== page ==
Ardian Rragami, 47, who machine-gunned a man in his native Albania, also punched and spat at terrified Chrysoulla at their Essex home.
His wife said she is living in fear since he attacked her with a knife — and begged: “Please deport him now.”
Rragami, 47, has been fighting deportation for four years — claiming it will break up the loving family he has in Britain with his wife and two daughters.
But he made a mockery of that claim by battering terrified wife Chrysoulla and holding a blade to her throat during a gin-fuelled rampage that was captured on film.
Beautician Chrysoulla, 49, said: “Ardian has used the right to a family life to argue his case against deportation, but he's thrown that away now.
“I stuck by him in the past but until he’s deported it will never stop.”
Rragami, who machine gunned a neighbour to death in Albania after a bar row, has twice sneaked into Britain illegally.
'IT WON'T STOP UNTIL'S DEPORTED'
But Home Office efforts to kick him out have been tied up in legal red tape as he claims deportation will breach his human rights by denying him a family life here.
The attack on Chrysoulla, filmed by a horrified niece, took place at the family home last month while decorator Rragami was on immigration bail, wearing a tag and subject to a curfew.
He pleaded guilty to assaulting Chrysoulla by punching her and cutting her jaw with a kitchen knife.
He also admitted assaulting a child.
He had knife at my throat. His face was twisted in hate. I thought I was going to die.
But he walked free from court after getting an eight month suspended jail sentence.
Had he been jailed for a minimum 12 months he would have been deported automatically.
Chrysoulla said: “I’ve had to move house so he can’t find me.
“Even though I’ve got a restraining order I’m scared.
“He had the knife held right to my throat. His face was twisted with hate as he held it to my throat. I thought I was going to die.”
The leniency shown to Rragami by Basildon crown court means he is not only back on the streets but free to continue a legal fight with the Home Office, which is estimated to have cost the taxpayers at least £100,000.
SLASHED BY MACHINE-GUN KILLER
Local Tory MP Mark Francois said: “This is a shocking case, particularly in view of the violence involved.”
Rragami entered Britain illegally in 1998 while on the run for a murder in his home city of Shkoder.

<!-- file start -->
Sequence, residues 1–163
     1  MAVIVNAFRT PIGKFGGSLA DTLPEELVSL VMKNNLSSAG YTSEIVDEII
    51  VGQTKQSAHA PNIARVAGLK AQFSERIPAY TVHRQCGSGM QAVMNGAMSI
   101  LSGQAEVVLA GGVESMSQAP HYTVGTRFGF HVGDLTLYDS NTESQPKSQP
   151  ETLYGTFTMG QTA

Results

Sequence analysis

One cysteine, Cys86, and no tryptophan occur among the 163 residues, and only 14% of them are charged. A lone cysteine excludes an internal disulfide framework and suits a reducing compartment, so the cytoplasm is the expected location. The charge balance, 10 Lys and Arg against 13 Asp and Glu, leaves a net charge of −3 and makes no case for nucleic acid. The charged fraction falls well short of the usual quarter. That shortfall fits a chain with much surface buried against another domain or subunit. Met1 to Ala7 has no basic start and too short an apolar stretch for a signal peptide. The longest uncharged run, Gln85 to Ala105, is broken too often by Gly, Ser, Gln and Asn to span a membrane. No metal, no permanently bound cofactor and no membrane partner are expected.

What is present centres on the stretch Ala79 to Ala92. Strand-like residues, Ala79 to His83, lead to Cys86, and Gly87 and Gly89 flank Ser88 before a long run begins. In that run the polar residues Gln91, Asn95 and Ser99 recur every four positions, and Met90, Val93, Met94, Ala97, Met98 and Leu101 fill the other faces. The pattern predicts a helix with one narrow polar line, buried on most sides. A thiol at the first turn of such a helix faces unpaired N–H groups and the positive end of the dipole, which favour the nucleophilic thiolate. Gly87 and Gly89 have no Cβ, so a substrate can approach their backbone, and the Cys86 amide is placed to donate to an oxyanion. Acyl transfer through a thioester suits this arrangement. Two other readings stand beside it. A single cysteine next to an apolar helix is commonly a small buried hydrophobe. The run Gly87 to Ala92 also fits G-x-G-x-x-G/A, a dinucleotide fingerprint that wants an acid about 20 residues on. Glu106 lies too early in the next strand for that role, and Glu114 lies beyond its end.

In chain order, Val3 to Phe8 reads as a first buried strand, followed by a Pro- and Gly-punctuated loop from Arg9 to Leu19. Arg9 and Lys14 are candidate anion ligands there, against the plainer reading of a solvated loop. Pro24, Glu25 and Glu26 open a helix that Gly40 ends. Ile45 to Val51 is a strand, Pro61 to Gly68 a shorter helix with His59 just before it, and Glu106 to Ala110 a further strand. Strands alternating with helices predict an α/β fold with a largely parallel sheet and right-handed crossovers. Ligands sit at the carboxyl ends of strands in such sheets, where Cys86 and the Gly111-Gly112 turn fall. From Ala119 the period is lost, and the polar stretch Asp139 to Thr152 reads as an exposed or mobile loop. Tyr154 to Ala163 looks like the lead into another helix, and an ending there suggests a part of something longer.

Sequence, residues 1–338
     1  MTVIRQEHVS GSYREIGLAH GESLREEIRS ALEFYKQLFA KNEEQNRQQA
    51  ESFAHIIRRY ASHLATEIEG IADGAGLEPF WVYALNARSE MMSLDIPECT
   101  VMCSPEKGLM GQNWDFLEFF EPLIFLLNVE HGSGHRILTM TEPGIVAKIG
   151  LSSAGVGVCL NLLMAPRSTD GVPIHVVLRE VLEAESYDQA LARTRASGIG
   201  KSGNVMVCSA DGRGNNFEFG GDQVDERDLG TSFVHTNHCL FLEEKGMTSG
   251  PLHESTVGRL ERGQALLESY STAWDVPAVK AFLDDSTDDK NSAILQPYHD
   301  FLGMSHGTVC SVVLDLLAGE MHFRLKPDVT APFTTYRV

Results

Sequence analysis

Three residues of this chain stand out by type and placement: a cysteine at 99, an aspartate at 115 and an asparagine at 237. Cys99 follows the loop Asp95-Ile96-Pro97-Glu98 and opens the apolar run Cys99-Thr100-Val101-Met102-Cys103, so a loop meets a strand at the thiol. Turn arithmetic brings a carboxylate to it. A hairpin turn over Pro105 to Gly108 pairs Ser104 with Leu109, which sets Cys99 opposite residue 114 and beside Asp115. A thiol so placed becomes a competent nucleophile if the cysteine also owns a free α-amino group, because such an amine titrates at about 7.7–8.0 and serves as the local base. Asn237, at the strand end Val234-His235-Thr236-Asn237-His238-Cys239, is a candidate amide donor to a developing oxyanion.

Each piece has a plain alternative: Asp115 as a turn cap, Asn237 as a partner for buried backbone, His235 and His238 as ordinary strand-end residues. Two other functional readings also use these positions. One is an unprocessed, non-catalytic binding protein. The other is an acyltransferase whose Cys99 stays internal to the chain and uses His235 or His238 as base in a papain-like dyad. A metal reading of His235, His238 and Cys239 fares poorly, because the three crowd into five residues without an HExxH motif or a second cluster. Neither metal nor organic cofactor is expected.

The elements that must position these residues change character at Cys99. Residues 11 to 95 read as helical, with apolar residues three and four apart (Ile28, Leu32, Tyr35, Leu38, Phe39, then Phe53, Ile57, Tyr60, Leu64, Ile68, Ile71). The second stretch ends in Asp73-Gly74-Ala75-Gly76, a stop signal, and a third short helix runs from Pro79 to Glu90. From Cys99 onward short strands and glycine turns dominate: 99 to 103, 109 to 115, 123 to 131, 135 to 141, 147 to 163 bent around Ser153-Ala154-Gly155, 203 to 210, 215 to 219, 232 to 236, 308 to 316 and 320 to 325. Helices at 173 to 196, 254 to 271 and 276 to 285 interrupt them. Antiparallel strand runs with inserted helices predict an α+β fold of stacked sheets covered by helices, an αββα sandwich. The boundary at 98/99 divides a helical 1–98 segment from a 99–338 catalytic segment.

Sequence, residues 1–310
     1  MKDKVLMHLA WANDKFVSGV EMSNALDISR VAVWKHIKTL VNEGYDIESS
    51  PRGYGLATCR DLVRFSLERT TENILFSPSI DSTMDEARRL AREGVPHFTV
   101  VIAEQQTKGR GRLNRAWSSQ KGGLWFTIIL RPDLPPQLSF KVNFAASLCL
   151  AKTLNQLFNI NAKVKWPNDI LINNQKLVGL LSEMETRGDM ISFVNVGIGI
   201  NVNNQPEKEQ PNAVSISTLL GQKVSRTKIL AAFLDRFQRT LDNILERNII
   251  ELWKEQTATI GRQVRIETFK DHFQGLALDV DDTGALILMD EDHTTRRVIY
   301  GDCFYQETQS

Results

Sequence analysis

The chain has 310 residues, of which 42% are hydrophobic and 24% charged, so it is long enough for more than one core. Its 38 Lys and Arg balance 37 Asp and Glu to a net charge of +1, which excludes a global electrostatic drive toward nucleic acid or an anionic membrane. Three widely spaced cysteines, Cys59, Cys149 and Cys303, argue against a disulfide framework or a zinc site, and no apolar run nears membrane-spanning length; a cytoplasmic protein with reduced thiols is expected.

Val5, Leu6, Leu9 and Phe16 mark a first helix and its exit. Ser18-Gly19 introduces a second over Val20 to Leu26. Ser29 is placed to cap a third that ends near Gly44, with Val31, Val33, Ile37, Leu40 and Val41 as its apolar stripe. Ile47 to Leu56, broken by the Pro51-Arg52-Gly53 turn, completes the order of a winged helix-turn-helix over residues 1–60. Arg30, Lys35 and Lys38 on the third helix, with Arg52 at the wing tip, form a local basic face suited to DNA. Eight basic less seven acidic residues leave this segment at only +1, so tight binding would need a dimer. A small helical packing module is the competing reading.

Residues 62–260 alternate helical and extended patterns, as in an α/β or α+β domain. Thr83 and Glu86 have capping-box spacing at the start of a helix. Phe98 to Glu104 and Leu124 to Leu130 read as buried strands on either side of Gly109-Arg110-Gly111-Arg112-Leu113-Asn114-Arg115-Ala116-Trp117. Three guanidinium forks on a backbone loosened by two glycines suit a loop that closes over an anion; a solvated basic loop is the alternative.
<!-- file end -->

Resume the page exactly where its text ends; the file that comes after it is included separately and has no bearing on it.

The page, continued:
He gave UK officials the fake name Ardian Gashi and claimed to be a refugee from the Kosovo War. He was allowed to stay.
In 2000 the Albanian courts sentenced him to 15 years in his absence.
Two years later he wed Chrysoulla. The couple settled in Wickford, Essex, and had two daughters, now 13 and 15.
He was jailed here for theft in 2007 after stealing cash from parking meters.
JULY 1998: Rragami shoots a man dead at a bar in northern Albania and goes on the run.
LATE 1998: Claims asylum in the UK after posing as Kosovan refugee Ardian Gashi.
2000: Jailed for 15 years in his absence back in Albania.
2002: Marries a divorcee in London and starts a family with her.
2007: Jailed for his role in West End parking meter thefts.
2009: Interpol finds him working as a builder in Essex.
2010: He is extradited to Albania to serve his 15-year jail sentence.
2014: Released early after appealing against the length of his prison term, he returns to the UK.
FEBRUARY 2015: Arrested by Immigration Enforcement officers.
MARCH 2015: Conditionally released due to “leave to remain” application.
JUNE 2016: Detained again pending deportation proceedings.
SEPTEMBER 2016: Immigration judge bails him, pending his appeal against deportation.
JANUARY 2019: Assaults wife and a young child during a drunken row at his home.
FEBRUARY 2019: Gets eight-month suspended jail sentence – too short to trigger automatic deportation.
But it was only in 2009 that Interpol tracked him down and began extradition proceedings.
He was returned to Albania in 2010 but served just four years after appealing against the length of the sentence.
On his release he sneaked back into Britain in and moved in with Chrysoulla.
He was detained again two years later and began his lengthy battle against deportation.
The Home Office said: “Foreign national offenders who abuse our hospitality by committing crimes have no place in this country.
“They should be in no doubt about our determination to remove them. Since 2010 we have removed nearly 45,800.”
- Rragami’s cousin Gentian Rragami, 44, appeared in the same court as him on the same day before the same judge — on people smuggling charges. He was jailed for ten months.